In the 2019 Citi-Hildebrant Report, law firm leaders identified Merger & Acquisition (M&A) and Transactional work as the primary driver of practice matters for this year. As with many things, it is wise to dig behind this general statement to understand more completely what the landscape looks like for M&A and the legal work that comes out of it.
From January 2017 through December 2018, Thomson Reuters found that U.S. companies saw a decrease of the overall number of recorded M&A transactions. In 2018, there were 11,538 recorded M&A transactions, a decrease of 6% from the 12,248 recorded M&A transactions in 2017. Indeed, this decrease was seen across the board, as almost all industries saw fewer M&A transactions.
Companies in Industrial Manufacturing saw one of the largest decreases, around 11% (with 862 transactions in 2018, compared to 962 in 2017); along with Technology, which had an 8% decrease (1,336 transactions in 2018, compared to 1,452 in 2017). Financial Services, one of the most stable industries for M&A transactions, had a small decrease of about 1% in the number of transactions.
Most companies involved in M&A transactions had offices in California, New York, and Texas in 2017 and 2018. In fact, California and New York had a slight increase in the number of transactions recorded. This suggests that law firms practicing in those states may have more opportunities to handle M&A transactions or may be able to lend state-specific advice to transactions. This also gives law firms the chance to be local counsel or pursue office openings in those locations.
While the overall number of M&A transactions has dropped, the value range of M&A transactions saw a sharp 20% increase in 2018, reaching about $2.3 trillion in deal value, compared to the $1.8 trillion recorded in 2017. Large-dollar deals — those valued in the $2.5 billion or greater range — saw the biggest increase in 2018, with 176 such deals recorded. By contrast, there were 127 large-dollar deals recorded in 2017. This situation suggests that those deals that are worth more money — and would potentially be worth more in fee value to law firms — are seeing the biggest increase despite the overall number of deals declining.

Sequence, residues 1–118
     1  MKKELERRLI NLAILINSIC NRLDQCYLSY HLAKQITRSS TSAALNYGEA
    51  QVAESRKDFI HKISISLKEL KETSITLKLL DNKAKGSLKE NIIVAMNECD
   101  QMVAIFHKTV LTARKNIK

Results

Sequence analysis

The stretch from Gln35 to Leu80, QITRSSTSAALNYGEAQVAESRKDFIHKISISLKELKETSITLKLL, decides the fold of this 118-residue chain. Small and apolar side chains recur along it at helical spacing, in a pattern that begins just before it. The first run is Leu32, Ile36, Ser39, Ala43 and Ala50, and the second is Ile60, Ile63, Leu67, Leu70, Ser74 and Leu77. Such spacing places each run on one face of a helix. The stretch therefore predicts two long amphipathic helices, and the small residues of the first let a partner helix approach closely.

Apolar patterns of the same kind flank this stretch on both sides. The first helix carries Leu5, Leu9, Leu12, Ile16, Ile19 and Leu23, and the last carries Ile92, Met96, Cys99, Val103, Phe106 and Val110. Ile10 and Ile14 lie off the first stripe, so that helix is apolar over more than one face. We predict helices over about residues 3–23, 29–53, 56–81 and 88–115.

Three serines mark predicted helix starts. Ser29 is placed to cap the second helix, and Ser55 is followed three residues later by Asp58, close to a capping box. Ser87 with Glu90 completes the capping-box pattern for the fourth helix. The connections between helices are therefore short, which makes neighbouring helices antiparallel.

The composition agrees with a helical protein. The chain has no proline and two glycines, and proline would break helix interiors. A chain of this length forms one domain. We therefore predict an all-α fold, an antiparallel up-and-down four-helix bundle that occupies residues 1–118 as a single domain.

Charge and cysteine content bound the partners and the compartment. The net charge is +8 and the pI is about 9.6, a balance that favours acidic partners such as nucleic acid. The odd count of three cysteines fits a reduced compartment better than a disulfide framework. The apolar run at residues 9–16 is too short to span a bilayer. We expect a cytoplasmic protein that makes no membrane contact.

When we look at which industries saw more higher-value transactions, there is a much more mixed data. For example, the Industrial Manufacturing sector saw the overall number of deals fall in 2018, the overall value of the deals fell as well. Last year, there were $224 billion worth of deals in the Industrial Manufacturing sector, down from $320 billion in recorded M&A transactions in 2017.
The largest decrease in deal value occurred in the Radio and Television Broadcasting sector, which saw total value of recorded M&A deals fall to $90 billion in 2018, down almost 40% from $147 billion in 2017.
The Technology industry saw the largest increase in the value of deals, growing more than four-fold to $411 billion in 2018, compared to around $97 billion in 2017. The biggest increases occurred in prepackaged software, computer, and computerized office equipment sub-sectors. Not surprisingly, most of the highest value M&A deals came from Technology companies located in California.
Questions for Law Firms
This year’s M&A activity creates an interesting point of conversation for law firms across the country. Will your law firm target those industries that are having a larger number of deals because there is more deals to capture, or will your law firm go after industries where there may be a smaller or declining number of total deals, but those deals are seeing higher value?
Another option is for law firms to look at sectors that seem to be stable year after year. As we noted, Financial Services did not increase or decrease much in the value of the recorded transactions, which dropped slightly to $352 billion in 2018, from $356 billion in 2017.
When looking at regions, law firms can also discern some interesting trends. In the Northeast, Financial Services also had the largest contract value; while in the Southeast, the Industrial Manufacturing and Technology sectors saw the biggest increase in contract value in 2018. In the Midwest, both Financial Services and Industrial Manufacturing had the most deals between 2017 and 2018; however, the value of Industrial Manufacturing deals dropped sharply between 2017 and 2018. In the Northwest and Southwest, Technology and Financial Services were dominant in the region by number of deals, and Technology and Energy had the greatest increase in the value of deals.
If your law firm is trying to optimize its position in the M&A market, these are important data points to consider. If your firm primarily practices in the U.S., does it make sense to target the higher dollar-amount M&A deal at the risk of losing the sheer numbers of M&A deals?
Or, if your firm wants to increase the number of M&A deals it works on, is it willing to complete for a lot more deals at a lower contract value? Is your firm positioned in the correct industry sector and location to spearhead a greater dive into M&A work?
While each law firm will take a different path, those that formulate and execute the correct strategy could find themselves elevated to the next level in 2019.